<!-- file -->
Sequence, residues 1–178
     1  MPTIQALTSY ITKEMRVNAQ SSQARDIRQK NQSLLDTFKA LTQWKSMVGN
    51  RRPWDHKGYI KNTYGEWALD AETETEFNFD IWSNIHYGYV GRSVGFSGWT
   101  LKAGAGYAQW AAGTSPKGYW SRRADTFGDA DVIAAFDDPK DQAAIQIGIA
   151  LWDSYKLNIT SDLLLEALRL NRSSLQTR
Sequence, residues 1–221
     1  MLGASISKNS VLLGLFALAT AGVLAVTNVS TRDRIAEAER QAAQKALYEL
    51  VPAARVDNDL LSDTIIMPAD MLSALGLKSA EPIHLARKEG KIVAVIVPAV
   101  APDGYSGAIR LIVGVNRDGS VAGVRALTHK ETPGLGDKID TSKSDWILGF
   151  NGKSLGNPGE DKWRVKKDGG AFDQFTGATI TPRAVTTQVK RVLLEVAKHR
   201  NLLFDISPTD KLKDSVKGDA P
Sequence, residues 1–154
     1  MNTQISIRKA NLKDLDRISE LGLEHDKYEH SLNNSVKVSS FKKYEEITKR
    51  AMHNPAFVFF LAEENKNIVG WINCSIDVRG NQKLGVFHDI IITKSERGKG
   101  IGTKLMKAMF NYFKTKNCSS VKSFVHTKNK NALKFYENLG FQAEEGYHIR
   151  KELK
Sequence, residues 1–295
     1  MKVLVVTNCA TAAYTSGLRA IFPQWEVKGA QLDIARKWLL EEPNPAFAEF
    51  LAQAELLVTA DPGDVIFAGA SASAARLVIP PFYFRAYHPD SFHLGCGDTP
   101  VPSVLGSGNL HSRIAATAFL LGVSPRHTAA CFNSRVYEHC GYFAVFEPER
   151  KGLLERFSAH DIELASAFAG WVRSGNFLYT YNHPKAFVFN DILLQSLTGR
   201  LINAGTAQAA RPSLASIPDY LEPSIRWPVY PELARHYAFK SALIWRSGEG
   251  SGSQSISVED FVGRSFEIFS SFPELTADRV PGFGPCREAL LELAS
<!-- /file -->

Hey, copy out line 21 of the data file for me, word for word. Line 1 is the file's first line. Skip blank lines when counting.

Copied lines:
   151  KGLLERFSAH DIELASAFAG WVRSGNFLYT YNHPKAFVFN DILLQSLTGR